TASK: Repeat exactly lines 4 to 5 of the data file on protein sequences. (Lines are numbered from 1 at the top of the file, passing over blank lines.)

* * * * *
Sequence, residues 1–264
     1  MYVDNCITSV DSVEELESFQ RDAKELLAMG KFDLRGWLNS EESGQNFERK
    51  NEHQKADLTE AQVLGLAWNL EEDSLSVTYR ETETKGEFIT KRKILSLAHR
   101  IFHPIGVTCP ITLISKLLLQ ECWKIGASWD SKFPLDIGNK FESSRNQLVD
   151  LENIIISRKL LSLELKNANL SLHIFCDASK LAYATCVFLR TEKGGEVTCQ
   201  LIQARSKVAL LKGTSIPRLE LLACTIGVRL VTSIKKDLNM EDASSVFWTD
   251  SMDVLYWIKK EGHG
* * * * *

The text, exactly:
   101  IFHPIGVTCP ITLISKLLLQ ECWKIGASWD SKFPLDIGNK FESSRNQLVD
   151  LENIIISRKL LSLELKNANL SLHIFCDASK LAYATCVFLR TEKGGEVTCQ